HALIFAX -- With the single-use plastic shopping bag banned in Nova Scotia, shoppers have no other choice.

"We have to get with it and use reusable," said shopper Laurie Reid.

But some see another plastic problem on the horizon. In a part of the country known for using, and reusing, plastic shopping bags again and again, the question is: what now?

Marla MacLeod of the Ecology Action Centre uses washable canvas bags for groceries...

And she says finding solutions for other practical problems like pet waste may take some creativity.

"But these are the kinds of shifts we're going to have to make across the board," MacLeod says.

And while the bag ban is good start, it is just that.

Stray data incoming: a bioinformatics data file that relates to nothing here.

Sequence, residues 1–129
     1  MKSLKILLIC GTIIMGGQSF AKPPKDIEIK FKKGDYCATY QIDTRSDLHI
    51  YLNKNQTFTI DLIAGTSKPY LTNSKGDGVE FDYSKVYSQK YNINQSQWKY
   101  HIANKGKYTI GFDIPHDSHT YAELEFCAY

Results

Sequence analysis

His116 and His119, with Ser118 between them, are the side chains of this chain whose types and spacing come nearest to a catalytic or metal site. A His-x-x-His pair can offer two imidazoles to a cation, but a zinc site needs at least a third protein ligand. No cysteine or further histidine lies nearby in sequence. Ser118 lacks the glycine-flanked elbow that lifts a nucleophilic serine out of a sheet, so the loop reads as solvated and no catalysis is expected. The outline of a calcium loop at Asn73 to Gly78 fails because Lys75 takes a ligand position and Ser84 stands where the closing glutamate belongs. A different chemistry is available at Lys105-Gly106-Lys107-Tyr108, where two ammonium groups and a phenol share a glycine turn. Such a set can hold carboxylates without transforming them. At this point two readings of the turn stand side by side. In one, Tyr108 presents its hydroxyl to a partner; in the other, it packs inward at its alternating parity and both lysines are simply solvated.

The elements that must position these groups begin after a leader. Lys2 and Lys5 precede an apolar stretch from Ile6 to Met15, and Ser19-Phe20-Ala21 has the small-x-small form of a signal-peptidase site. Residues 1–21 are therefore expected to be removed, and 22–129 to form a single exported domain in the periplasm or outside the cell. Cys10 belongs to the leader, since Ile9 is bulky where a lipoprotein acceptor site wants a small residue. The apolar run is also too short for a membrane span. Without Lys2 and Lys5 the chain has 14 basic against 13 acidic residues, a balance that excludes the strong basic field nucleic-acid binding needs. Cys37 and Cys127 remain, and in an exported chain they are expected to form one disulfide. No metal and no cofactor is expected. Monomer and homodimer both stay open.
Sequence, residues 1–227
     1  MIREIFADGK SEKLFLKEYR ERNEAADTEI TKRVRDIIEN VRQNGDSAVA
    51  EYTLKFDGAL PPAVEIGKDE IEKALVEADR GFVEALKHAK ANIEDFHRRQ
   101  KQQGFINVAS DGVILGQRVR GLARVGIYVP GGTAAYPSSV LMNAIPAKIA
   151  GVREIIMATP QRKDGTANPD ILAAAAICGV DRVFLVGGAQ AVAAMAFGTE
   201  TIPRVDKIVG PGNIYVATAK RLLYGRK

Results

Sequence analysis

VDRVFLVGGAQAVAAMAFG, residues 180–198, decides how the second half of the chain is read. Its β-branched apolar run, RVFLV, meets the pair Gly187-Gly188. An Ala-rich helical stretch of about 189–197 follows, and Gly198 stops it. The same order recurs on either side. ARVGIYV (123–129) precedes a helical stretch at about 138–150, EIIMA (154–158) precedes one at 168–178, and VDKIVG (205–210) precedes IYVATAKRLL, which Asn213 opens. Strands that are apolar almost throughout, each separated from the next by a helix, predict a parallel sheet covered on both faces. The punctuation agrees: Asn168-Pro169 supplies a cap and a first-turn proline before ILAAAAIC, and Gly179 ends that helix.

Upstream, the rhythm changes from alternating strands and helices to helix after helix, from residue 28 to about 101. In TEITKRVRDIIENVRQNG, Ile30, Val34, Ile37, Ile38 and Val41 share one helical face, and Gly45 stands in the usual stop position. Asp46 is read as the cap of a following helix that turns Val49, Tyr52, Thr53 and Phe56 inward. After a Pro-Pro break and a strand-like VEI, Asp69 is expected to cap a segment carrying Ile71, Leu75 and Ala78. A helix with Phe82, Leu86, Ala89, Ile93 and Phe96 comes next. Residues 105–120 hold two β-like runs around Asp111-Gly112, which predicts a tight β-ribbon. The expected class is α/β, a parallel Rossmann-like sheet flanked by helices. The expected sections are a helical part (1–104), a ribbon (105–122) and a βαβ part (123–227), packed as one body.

"This is the tip of the iceberg of plastics," MacLeod says. "We have a big plastic problem in Nova Scotia -- and in the entire world."

For some, the bag ban isn't the simple answer to that.

"Every time we use a single-use bag more than once, we are dramatically decreasing its environmental impact," said Acadia University professorDavid Duke.

Duke says the real issue is poor recycling and alternatives to the plastic bag may not be as multi-purpose as what they're replacing.

And some, like cotton bags, have their own environmental consequences.

"The land that's required to grow the cotton, the water and the fertilizers that are required to produce the cotton that then produces those bags," Duke says.